The ongoing issue of CCTV in Dean Street is set to be discussed by council in May, despite already having discovered that the available funding will provide barely six or seven cameras and provide nothing at all for ongoing costs.
This may lead to private sponsorship being sought for the project.
The announcement comes as three Albury pubs have made a list of the 100 most violent drinking establishments in NSW. The Bended Elbow, the Roi bar and the now defunct “three legged dog” all made the roll of shame based on the number of assaults which occurred on the premises.
Council members have already visited Sydney and Brisbane to observe their CCTV which has confirmed that the system does little or nothing to reduce alcohol fuelled violence which constitutes the majority of issues of concern in Dean Street.
Chair of the CCTV committee Cr. Amanda Duncan-Strelec said “We could install cameras but I don’t think the ratepayers should be paying for the monitoring as law and order is a state government responsibility”.
Well it’s refreshing I guess to see buck passing between local and state governments rather than just state and federal.
“Clubs and pubs could possibly be sponsors and the Roads and Traffic Authority might sponsor cameras for bridges” Cr Duncan-Strelec said.
“Possibly”, that’s a bit rich, personally I think the jury is still out as to whether we NEED CCTV in Dean Street, however, for the sake of debate, let’s assume that in light of incidents such as occurred in Griffith recently with a young man being bashed to death in a random violence attack in the main street, that there IS a need for them.
Firstly it’s unlikely to do ANYTHING to curb alcohol fuelled violence in the first instance, but it may well assist with identifying offenders and securing convictions. Obviously a good move in terms of statistical crime resolution, hardly a quantum leap in crime prevention however.
If there IS a need for this technology, the money should come from the licence fees of the establishments which are fuelling this violence by providing the means for people to become intoxicated and engage in this subsequent anti-social behaviour.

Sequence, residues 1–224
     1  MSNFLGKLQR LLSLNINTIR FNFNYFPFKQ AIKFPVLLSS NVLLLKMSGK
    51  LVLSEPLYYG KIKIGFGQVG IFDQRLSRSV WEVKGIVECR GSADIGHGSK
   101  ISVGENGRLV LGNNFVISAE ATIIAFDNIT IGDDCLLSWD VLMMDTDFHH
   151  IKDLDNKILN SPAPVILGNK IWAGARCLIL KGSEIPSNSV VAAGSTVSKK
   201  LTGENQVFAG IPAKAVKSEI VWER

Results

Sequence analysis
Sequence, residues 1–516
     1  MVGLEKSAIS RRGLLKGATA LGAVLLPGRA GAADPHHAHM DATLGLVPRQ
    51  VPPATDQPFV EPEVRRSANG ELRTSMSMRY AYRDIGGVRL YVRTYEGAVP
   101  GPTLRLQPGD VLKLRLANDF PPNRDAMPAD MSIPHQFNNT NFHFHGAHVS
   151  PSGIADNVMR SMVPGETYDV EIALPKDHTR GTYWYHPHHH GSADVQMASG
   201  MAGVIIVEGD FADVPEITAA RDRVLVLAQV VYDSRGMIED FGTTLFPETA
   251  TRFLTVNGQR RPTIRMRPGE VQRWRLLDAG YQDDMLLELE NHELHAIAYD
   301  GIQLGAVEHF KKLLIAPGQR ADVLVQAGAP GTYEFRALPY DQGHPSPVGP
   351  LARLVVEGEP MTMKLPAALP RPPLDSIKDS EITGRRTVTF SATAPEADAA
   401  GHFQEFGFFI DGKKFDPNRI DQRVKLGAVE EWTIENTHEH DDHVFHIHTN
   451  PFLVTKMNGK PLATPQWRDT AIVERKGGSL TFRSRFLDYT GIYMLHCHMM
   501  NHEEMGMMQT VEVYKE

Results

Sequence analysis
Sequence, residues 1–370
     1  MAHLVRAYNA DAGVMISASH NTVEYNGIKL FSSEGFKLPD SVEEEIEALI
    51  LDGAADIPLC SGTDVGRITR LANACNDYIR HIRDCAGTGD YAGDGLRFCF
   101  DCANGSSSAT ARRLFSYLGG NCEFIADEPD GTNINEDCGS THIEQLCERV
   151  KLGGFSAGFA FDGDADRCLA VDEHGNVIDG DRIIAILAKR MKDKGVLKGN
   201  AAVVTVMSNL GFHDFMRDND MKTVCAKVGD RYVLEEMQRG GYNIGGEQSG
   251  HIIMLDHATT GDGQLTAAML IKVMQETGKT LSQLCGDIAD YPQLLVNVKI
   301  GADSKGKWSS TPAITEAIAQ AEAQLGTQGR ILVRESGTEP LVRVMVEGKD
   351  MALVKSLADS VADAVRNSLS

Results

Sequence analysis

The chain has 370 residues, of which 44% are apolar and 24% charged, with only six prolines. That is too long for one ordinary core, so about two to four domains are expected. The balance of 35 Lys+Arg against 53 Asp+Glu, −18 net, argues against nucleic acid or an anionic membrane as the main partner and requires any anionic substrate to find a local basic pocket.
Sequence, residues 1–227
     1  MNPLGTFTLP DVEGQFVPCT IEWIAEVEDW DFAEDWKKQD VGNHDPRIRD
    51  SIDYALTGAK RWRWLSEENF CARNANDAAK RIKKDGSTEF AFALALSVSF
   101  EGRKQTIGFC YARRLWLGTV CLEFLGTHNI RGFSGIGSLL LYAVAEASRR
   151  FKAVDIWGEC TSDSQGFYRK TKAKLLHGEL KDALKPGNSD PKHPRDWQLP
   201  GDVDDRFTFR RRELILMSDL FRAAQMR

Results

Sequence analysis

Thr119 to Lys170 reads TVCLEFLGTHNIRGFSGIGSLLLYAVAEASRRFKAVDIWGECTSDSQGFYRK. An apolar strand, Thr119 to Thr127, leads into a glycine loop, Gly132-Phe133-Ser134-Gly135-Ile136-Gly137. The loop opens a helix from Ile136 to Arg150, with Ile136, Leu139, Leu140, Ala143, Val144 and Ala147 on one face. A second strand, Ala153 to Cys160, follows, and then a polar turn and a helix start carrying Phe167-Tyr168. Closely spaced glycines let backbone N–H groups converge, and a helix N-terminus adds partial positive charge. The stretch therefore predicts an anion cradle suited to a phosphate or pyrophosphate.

I have grave concerns about privately run CCTV monitoring public property, mostly I just think it’s a recipe for disaster, private operators tend to care about their own property and profit margins, public safety doesn’t even register on the radar until it hits them in the hip pocket.
So who IS responsible for public safety? Obviously council doesn’t see it as their role, is it the role of the purveyors of alcohol? I’d have to say on form, it’s less than encouraging that they take this responsibility seriously until they have no other choice.
Is it the responsibility of state governments? or the police? Given state governments track record on health and education I’d have serious reservations about assigning responsibility there.
Police shortages have been the subject of considerable press of late, it may be that is an unrealistic option also.
Would we in fact be better off building some of these in Dean Street?
I doubt it somehow. I tend to think it’s less about law and order and crime prevention than it is about public health.
Clubs and pubs make an absolute mint out of purveying intoxicants, running poker machines on the side and except for the occasional self promoting sponsorship arrangement (usually of some sporting club or other), invariably more about promoting their “good bloke” image in the community than about redressing any of the myriad social problems they either directly cause or contribute to.
When was the last time you heard of a pub or club contributing to an alcohol rehabilitation facility, domestic violence service or problem gambling organisation? They’d rather promote themselves as “sporty” with all the connotations of youthful vigour, fair play and physical prowess, make no mistake it is a carefully orchestrated and cynical marketing ploy.
Licensed establishments frankly give less than they take, with a carefully rehearsed, spin-doctored, rhetorical spiel we get from the hotelier’s association every time problem drinking or problem gambling is raised in the media, we are apparently supposed to feel grateful for the “service” they provide.
We have a drinking culture, complete with tailor made drinks aimed squarely at recruiting young drinkers, an automotive industry which emphasises speed, power and sex appeal in promoting it’s products and a comparative pittance spent trying to convince people that the two don’t mix.
Then we stand back and gape in slack-jawed astonishment that our young people are being killed on the roads, developing drinking problems, smoking, taking drugs and falling prey to the social and health problems associated with these things.
There are bigger players in this game than the Albury council and until as a community we decide we are going to free ourselves from the influence of these powerful, cashed up lobby groups, we are going to find ourselves under the negative influence of the dangerous products they peddle.